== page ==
Trout farming was introduced to the UK in the 1950s by a DanIsh entrepreneur. Since that time the industry has grown to its current size of almost 360 trout farms.
Rainbow trout (onchorynchus mykiss), although native to North West America has been introduced to regions throughout the world. It is the most popular trout to farm In the UK, as it copes best with the climate and farming system. Other fanned varieties include Brown Trout (salmo trutta) which is indigenous to Britain and other European Countries, also Golden Trout (ancorhynchis mykiss aguabonita) and Blue Trout, albeit in smaller quantities.
Around 16,000 tonnes of Rainbow trout are produced in Britain each year, with around 75% of this farmed by table producers. Most of this number produced is farmed in freshwater in tanks, ponds, netting cages and raceways, with a small quantity farmed In sea cages.
Fish farms usually concentrate on different aspects of the life cycle. Hatcheries produce ova from brood stock and sell on to fingerling producers who grow fingerlings and fry from the eggs. Fingerling producers supply Re-stockers and Table producers. Table producers in turn provide fish to Processors, while Re-stockers will supply Fisheries. Some farms may undertake several of these business activities and in addition may have a shop, a smokery / processing unit, or a Fishery (where anglers can fish in artificially stocked lakes) that is often open to the public.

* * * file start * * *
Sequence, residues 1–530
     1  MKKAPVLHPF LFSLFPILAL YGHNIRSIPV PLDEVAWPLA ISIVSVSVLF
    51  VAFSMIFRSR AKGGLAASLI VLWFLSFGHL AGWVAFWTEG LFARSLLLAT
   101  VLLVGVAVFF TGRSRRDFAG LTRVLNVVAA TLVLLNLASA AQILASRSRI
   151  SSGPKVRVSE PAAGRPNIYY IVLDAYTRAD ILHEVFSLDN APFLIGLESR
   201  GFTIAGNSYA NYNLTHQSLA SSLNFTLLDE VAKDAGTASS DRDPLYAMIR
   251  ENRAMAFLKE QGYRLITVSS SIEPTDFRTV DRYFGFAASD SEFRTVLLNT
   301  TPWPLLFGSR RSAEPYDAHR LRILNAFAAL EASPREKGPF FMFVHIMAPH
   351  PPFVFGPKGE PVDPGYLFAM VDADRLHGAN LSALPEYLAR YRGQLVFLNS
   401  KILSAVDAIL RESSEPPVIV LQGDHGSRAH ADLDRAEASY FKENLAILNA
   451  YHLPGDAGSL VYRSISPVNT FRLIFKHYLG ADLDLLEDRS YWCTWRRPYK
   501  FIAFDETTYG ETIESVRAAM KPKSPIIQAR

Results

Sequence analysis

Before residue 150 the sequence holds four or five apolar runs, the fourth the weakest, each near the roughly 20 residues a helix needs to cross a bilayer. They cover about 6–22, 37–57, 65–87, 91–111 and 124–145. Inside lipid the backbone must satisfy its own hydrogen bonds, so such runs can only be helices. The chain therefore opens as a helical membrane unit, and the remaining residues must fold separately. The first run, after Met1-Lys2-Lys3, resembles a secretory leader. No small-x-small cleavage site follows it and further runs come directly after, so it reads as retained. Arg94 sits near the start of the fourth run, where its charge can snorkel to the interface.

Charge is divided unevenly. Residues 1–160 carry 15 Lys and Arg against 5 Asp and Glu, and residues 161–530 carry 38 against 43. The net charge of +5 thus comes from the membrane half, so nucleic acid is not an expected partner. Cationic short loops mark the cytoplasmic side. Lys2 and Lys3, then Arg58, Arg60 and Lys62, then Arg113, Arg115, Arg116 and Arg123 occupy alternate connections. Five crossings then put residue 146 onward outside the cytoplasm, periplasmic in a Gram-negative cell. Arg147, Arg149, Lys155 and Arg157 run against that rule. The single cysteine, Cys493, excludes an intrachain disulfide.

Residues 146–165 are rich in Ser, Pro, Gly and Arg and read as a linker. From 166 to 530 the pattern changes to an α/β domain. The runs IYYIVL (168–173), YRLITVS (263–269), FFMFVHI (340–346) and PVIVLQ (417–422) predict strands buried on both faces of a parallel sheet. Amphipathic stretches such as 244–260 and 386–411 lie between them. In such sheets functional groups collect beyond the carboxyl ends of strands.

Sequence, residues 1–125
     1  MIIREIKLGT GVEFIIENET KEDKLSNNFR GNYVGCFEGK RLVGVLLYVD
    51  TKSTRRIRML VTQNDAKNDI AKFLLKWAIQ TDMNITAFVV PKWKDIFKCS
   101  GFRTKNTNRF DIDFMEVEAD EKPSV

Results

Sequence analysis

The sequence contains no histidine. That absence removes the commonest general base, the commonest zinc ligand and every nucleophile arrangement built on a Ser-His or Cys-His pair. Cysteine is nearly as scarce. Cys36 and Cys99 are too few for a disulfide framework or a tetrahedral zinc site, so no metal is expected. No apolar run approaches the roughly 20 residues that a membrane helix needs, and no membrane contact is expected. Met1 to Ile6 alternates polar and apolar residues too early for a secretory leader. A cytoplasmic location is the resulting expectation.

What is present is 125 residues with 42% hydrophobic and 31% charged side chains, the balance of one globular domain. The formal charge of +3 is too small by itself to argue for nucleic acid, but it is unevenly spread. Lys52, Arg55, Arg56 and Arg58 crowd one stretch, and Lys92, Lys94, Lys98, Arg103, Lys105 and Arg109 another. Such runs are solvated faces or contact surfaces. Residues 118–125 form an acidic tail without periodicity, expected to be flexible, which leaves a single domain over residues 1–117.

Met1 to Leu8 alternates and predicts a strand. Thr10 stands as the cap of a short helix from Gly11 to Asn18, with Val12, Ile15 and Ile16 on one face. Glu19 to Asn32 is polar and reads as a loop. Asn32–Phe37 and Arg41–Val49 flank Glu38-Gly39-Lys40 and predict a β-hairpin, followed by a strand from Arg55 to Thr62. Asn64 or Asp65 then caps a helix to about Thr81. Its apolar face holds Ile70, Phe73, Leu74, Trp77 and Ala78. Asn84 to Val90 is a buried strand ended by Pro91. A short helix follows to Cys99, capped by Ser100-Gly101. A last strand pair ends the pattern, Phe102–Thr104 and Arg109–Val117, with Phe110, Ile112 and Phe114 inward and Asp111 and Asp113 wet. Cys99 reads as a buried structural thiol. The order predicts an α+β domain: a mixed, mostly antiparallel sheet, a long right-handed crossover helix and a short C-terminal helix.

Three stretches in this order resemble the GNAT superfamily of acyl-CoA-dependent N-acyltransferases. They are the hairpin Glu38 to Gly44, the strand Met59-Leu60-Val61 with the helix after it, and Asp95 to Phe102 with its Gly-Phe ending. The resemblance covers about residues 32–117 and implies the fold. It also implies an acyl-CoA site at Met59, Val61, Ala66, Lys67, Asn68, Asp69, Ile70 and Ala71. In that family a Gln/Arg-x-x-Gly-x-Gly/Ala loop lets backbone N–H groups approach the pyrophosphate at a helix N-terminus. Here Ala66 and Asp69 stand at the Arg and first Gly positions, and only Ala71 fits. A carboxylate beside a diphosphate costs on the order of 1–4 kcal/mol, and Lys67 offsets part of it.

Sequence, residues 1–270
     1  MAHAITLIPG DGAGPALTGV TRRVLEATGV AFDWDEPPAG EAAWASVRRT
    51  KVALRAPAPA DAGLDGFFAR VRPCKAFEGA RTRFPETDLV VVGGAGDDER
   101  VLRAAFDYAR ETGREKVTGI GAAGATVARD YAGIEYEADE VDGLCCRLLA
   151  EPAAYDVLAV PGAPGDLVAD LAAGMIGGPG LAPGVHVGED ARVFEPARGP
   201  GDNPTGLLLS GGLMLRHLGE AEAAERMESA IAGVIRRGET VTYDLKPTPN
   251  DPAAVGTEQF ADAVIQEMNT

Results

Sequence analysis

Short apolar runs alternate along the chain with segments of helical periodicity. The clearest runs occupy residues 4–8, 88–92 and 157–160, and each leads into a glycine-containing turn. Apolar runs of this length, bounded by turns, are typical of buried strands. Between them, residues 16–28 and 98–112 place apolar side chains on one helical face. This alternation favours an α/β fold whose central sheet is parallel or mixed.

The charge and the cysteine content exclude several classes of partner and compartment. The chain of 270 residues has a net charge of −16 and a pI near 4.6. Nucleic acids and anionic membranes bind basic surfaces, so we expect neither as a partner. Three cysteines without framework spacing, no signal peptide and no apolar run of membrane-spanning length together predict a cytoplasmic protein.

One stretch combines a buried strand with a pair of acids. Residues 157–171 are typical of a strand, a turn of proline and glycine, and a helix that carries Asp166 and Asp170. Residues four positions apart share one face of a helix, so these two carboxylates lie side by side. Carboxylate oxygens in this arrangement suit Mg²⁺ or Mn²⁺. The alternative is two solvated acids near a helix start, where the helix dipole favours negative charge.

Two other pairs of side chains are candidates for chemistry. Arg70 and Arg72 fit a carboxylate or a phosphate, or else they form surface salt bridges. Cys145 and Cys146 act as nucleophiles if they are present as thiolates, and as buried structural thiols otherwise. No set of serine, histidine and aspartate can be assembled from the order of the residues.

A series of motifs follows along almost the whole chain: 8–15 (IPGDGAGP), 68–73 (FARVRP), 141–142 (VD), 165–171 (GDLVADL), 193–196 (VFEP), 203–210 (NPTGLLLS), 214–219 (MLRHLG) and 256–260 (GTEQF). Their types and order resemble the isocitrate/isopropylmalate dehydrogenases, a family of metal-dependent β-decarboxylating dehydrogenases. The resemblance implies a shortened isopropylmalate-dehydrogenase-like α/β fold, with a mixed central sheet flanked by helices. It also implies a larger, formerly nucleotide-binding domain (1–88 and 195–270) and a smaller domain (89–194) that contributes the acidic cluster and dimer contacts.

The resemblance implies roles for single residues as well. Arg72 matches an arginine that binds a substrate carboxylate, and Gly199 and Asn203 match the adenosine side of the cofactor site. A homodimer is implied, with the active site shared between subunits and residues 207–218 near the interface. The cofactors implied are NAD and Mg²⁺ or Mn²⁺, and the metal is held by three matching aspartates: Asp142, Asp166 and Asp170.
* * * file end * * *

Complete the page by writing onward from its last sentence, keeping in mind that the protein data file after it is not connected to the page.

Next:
Trout is farmed widely in the UK, but particularly in central and southern Scotland, south England and North Yorkshire. The main facility needed is a clean river for adequate water supply, in an accessible spot. Trout are cold blooded and are greatly affected by water temperature. The warmer the water, the fewer the fish that can be stocked there and the greater the water flow needs to be; this is because the solubility of oxygen in water decreases with temperature. Ideally, oxygen level. should be 7mg/l or greater. The flow of the water source will in part determine your stocking level. While artificial aeration can be used to increase oxygen levels a sufficient water flow is still needed to remove waste produced by the fish. The total volume of water available on any one site will be a limiting factor in the expansion of a trout farming business.
A farm on a river will consist of ponds, tanks or raceways with the water supplied by gravity. Often a location with a weir is utilised. Cage farming is an altemative method involving the siting of net cages In deep freshwater lakes. The Scottish lochs provide the best location for this method of farming in Britain.
Screens are installed at the inlet channel, to keep out debris and migratory fish. Water should be treated before being discharged back into the river and further screens installed at the outlet. All effluent control is strictly monitored with regular testing by the appropriate Environment Agency.
Although trout can be bred to different sizes, they generally reach their harvesting size at 300-400g in approximately seven and a half months, building muscle by swimming against the current of the water as it passes through the farm.
Once harvested, the trout will be processed for use. Larger farms often have processing facilities on site, which contain machinery designed to gut, fillet, smoke and pack the fish, depending on what is required. The trout may then be sold direct to customers at farm shops, or sent to wholesale markets, caterers or retailers.